F9: The Fast Saga

June 25th, 2021




AMovieGuy.com’s RATING: 2 STARS (Out of 4)

You want ridiculous? Well boy does F9 have something in store for you. I would be the first person in line for anything that turns up the ludicrous speed as high as The Fast and the Furious series has done, and yet, now that I have it, I kind of wish it showed a bit of restraint. This is the fifth Fast & Furious movie that Justin Lin has directed and he’s still the right man for the job, but F9: The Fast Saga feels like the one where we’ve truly “jumped the shark”. Vin Diesel and crew are back for more high speed thrills and wild automobile stunts, only this time there’s more interest in fan service than actual service into the story. F9: The Fast Saga is like a nine car pile up, it’s loud, it’s exciting, and it’s a complete mess.

The plot picks-up a bit from where The Fate of the Furious left off, Dom Toretto (Diesel) and wife Letty (Michelle Rodriguez) have now settled down in the country with their son Brian. It’s peaceful and quiet, until Roman (Tyrese Gibson), Tej (Ludacris), and Ramsey (Nathalie Emmanuel) arrive with an emergency that someone has taken out Mr. Nobody (Kurt Russell), and stole a macguffin that controls power to all the world’s nuclear weapons. That someone is a person from Dom’s past, his estranged brother Jakob (John Cena), and he’s now teamed up with Otto (Thue Rasmussen), a wealthy prince with an army of henchmen. They are holding tech savvy baddy Cipher (Charlize Theron) as prisoner, using her as a pawn, while they’re set on taking down Dom and the rest of his Fast “family”.

It’s not that the plots of the Fast movies matter, but this one is all over the place. The screenplay is by Lin and Daniel Casey, with a story from Casey and Alfredo Botello, and this one lacks a true structure. My major complaint is not just fan service, but that we get all of the fan service. When momentum picks up there’s a flashback or a new backstory to a character, killing all the energy available. The argument can be made that F9 printed out every fan tweeted theory and agreed to include it in the story. The opening chase sequence is excellent, arguably one of the best of the series, but everything after that comes to a slow crawl. At two-hours and twenty-five minutes, F9 is hell bent on covering every base, tying up loose ends with Dom’s sister Mia (Jordana Brewster), telling the backstory of why Dom and Jakob dislike one another, what happened to Han (Sung Kang), and even touching on the crew from the often forgotten Tokyo Drift installment. It’s not that I don’t want that, but not in place of wild stunts and thrilling action, something that F9 is extremely lacking.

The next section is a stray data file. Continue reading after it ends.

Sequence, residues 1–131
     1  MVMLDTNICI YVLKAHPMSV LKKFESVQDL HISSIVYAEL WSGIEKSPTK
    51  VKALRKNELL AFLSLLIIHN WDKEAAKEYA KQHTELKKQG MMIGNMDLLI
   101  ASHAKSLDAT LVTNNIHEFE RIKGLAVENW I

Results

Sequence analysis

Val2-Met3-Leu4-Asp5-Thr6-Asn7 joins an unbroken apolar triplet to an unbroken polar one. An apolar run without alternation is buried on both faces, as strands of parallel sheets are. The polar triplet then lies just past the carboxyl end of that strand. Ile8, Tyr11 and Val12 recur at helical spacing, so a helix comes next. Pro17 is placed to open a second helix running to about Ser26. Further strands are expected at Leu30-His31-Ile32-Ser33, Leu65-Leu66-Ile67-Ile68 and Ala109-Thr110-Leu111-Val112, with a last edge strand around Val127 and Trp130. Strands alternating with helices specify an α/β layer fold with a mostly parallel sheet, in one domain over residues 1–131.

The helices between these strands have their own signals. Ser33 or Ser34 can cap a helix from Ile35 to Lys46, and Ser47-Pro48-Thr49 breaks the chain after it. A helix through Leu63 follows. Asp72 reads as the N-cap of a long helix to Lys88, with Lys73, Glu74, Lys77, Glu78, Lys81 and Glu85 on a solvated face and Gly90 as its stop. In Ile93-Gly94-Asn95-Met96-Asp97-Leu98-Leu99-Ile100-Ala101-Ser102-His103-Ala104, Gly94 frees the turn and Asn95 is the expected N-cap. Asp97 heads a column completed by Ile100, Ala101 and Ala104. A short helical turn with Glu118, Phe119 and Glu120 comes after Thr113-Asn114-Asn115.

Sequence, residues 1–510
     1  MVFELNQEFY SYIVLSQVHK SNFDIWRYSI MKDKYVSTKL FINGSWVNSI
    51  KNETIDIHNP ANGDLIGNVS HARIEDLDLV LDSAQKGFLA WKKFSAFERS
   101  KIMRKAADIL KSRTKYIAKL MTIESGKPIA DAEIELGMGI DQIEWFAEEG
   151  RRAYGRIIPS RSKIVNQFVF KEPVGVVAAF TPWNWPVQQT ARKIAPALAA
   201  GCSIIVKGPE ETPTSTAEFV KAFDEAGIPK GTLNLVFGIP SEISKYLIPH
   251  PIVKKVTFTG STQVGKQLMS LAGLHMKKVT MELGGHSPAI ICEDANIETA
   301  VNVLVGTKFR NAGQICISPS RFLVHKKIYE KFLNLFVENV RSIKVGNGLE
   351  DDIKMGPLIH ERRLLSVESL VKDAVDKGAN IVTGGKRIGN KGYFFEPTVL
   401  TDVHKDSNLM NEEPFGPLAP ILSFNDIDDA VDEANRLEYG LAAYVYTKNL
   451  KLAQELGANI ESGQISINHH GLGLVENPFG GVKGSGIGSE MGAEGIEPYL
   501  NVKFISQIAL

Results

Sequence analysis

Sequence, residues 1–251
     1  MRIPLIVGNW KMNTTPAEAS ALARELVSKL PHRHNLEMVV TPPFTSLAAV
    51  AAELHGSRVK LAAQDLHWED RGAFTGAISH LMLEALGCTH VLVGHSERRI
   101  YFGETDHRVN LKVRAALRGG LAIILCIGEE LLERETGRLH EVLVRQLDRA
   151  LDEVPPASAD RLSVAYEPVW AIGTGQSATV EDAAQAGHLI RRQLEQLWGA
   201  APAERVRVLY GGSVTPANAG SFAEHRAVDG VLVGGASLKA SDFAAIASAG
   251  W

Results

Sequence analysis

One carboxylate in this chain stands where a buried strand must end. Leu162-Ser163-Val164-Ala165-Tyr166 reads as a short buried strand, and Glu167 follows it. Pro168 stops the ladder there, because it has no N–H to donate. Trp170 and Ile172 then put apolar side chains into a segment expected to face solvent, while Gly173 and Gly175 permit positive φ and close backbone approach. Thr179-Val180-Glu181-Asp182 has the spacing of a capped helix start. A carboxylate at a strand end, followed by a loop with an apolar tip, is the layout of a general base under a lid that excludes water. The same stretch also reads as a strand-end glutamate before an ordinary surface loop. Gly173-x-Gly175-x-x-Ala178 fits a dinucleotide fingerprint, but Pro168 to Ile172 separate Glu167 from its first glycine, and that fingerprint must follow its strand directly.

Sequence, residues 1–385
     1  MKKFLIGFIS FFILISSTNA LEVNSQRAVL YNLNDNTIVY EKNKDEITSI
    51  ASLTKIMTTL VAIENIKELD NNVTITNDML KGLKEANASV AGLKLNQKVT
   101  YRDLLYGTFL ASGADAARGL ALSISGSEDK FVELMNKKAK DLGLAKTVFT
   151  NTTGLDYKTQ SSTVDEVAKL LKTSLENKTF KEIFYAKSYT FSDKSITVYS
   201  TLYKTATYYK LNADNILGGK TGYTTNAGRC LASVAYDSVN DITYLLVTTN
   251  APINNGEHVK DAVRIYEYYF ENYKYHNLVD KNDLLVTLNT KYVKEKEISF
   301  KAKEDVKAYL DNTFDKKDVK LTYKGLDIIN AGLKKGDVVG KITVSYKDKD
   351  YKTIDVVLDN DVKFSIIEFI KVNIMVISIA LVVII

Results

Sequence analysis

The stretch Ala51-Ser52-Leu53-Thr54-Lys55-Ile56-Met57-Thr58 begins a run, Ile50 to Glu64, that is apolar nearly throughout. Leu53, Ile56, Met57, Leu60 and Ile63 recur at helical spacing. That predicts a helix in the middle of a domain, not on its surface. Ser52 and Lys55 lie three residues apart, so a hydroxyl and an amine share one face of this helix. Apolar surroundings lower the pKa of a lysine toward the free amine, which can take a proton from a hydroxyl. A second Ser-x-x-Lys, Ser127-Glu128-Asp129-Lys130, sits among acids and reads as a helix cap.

That’s not to say that F9 isn’t fascinating. It’s the epitome of global Hollywood productions, with exotic locations, millions of dollars pumped into the sets, a great mixed cast of celebrities, and no regard for physics. This time they’ve gone too far. I wanted Han back and I was constantly calling for the crew to go to outer space. Now I would take it all back for a more coherent narrative, a story that focuses more on the characters that are in front of us, instead of focusing on everything we’ve seen before it. Fast 5, 6, and 7 was the high peak of these movies. F9 is certainly the base.

For me, this solidifies that the Mission: Impossible movies are the far superior series of wild action blockbusters. It may even be unfair to compare the Fast movies to the audacious stunt work of Tom Cruise, but when the pieces are there, established for us to be thrilled, that’s what makes F9’s failures greater. It seems to be making up the backstories as they go along, doing somersaults to make it all connect. The jokes from the gabbing duo of Ludacris and Tyrese are rarely funny, the only thrilling stunt sequences are the opening and ending, which involves high powered magnets. The biggest sin might be the pointless role of Charlize Theron, barely making a dent in the plot, and still stuck behind computers. It’s all just disappointing stuff from F9. The ride is sputtering and there’s little left in the tank. That doesn’t mean it’s the last you’ve seen of Dom Toretto and gang. This family rides until the wheels fall off.



Written by: Leo Brady

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